Thinking about kit

You should also take the opportunity to look at what others on the course are using. You’ll have a group of likeminded people to geek out about kit with and you’ll get some honest reviews about what works well.

Equally, just because it’s training doesn’t mean you can’t start acting like a leader now, so pack as if you are in charge of the group and don’t be tempted to leave important kit behind. 


I stayed at a quiet campsite nearby, which meant I could chill out, write up my notes and sort out my kit for the next day.

Some courses will offer accommodation as part of the training package but not all do. While I can see the appeal of a group staying together and bonding outside the formal teaching hours of the course, I personally enjoyed having some downtime in the evenings (even though I had an awesome group)! Ultimately, it’s down to personal preference.


You can ease any pre-course worries by reading the candidate handbook, which is available to download for free from Mountain Training. Print this off, leave it somewhere you’ll read it and refer back to it regularly.

I can also recommend getting hold of ‘Hillwalking by Steve Long’. Otherwise known as the ‘Mountain Leader bible’, it’s a fantastic book covering the theory of the course in a highly accessible manner.

I was glad to have read these before attending the course. It put the learning into context and helped with knowing what to expect.

Course structure

Every course provider will have their own preferred way of dealing with the different elements of the syllabus on any given day of the course. Unknown factors, such as the weather, group dynamics and individual requirements might also lead to some flexibility in the programme as your training progresses.

On my course, we spent the first four days doing a mixture of classroom and practical learning outdoors, with the final two days being an overnight expedition. With so much to cover, you can expect some packed days but they flew by and there was still plenty of time to consolidate in the evenings.

Navigating to a ring contour near Haweswater

With Covid, none of our sessions were inside. The mountains were our classroom. This did mean quite a bit of sitting around for ‘lessons’, so it’s important to have enough warm clothing, particularly if it’s peeing it down. We were generally quite lucky with the weather, the heat being the biggest challenge for most of the week. But it’s amazing how chilly you can get sitting on the ground.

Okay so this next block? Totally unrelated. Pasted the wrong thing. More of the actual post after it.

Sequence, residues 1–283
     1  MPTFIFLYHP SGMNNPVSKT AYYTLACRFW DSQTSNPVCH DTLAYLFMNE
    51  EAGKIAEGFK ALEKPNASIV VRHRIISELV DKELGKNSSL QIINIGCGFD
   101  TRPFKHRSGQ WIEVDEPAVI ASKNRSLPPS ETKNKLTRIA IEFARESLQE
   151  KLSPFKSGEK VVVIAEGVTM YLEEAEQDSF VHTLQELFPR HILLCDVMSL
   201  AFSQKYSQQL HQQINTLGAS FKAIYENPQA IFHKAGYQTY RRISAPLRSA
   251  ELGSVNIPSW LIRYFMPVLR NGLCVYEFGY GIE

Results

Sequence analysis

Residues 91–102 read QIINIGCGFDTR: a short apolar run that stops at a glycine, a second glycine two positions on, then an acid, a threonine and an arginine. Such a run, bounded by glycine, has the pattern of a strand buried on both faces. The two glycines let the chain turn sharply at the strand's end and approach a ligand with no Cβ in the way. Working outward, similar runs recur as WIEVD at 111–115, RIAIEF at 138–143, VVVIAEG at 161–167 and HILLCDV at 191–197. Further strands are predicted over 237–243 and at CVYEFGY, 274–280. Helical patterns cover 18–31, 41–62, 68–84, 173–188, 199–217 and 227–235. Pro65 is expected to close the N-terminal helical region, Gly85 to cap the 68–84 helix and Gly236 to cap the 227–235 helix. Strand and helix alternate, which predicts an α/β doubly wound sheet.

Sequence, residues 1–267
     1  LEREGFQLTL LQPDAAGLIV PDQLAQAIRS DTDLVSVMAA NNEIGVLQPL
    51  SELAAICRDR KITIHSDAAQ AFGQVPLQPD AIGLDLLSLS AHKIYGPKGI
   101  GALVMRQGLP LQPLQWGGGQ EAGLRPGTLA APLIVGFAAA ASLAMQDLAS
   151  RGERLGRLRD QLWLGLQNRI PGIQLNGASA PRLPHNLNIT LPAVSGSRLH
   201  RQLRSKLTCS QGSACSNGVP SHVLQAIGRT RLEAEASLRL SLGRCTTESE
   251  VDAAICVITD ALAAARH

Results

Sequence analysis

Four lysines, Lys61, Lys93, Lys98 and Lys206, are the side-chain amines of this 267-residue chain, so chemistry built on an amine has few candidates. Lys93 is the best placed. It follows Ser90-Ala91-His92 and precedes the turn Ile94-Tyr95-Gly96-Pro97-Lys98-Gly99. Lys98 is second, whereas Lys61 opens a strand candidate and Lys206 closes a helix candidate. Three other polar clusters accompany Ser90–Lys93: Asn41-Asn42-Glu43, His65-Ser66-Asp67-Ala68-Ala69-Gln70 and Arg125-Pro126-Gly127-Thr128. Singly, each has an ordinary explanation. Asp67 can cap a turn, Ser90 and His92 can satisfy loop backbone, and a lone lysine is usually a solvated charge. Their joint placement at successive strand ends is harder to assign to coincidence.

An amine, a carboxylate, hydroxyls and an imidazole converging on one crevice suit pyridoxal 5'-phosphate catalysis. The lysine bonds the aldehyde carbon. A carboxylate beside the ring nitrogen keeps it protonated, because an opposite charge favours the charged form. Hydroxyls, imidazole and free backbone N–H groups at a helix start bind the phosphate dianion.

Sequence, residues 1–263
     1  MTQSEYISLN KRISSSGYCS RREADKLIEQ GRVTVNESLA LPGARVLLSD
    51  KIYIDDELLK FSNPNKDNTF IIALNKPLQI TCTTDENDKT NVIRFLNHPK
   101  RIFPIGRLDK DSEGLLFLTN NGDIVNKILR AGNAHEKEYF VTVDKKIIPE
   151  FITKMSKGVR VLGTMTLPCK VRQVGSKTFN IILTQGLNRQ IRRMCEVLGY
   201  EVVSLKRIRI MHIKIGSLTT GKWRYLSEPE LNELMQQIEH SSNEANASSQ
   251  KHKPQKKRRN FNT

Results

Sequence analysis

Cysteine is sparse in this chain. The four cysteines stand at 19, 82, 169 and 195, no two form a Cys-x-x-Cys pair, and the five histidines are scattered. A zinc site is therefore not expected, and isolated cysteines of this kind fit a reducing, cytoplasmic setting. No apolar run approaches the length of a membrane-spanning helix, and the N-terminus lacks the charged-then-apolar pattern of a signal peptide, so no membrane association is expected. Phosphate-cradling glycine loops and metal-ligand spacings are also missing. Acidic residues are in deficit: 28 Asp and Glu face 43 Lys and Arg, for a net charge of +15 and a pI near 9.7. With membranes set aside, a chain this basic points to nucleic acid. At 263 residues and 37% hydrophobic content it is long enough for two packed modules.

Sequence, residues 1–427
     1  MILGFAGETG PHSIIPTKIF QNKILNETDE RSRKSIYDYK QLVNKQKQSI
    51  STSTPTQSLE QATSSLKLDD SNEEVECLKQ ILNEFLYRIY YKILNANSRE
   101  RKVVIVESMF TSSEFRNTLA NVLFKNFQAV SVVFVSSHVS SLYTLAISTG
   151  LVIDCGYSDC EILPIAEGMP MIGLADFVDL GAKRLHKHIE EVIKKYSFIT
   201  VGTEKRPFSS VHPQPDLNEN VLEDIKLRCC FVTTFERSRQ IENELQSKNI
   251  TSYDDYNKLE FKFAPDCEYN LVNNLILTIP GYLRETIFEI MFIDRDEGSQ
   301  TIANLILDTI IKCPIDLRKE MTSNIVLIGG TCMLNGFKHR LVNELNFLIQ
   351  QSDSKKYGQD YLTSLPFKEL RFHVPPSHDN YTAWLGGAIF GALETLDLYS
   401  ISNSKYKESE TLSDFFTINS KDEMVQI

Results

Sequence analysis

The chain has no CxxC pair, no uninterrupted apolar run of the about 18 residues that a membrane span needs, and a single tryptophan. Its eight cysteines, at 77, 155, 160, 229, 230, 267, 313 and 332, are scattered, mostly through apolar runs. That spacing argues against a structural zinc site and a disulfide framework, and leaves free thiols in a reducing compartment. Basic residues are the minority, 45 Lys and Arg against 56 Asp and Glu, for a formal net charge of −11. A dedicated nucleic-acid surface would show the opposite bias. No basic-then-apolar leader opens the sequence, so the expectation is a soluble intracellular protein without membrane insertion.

The structure of mixing the more formal classroom pieces with periods of walking and navigating works well. It breaks up the day, allowing you to process information between sessions.

Day 1

After the obligatory introductions, we talked about the stages of the mountain leader qualification before delving through the contents of a leader’s rucksack. Then we headed out for a walk, jumping straight into some basic navigation, gradually adding elements of complexity as the day went on. We had regular breaks to discuss access rights, conservation, flora and fauna and some practicalities of managing a group.

Following a compass bearing through bracken

Day 2

Today was great fun, learning all about rope work. We started by discussing the weather before navigating our way to some rocky outcrops. Here we set up camp for much of the day, learning when, why and how a mountain leader might need to use a rope. There was plenty of opportunity to practise belaying our ‘clients’ over rocky ground, before abseiling ourselves down.

The weather was pretty soggy in the morning but it brightened up for some micro-navigation later in the afternoon. I’ve always relied on much vaguer navigation techniques so I found this a real eye-opener in terms of how accurate you can actually be with the right map and compass skills.

Ropework day

Day 3

A QMD in the Helvellyn area was on the cards today, with a change of instructor too. As well as learning more about what makes a QMD, we spent lots of time discussing leadership strategies and group management, steep ground work, the weather, environment and, of course, more nav!

Thunderstorms were forecast, and we had to beat a hasty retreat as the skies darkened when we were on higher ground.

Today really showcased what’s possible with the qualification, discovering ‘secret’ ways up one of the more popular fells in the Lake District. I started to appreciate that being in the mountains is so much more than racing up and down to a summit.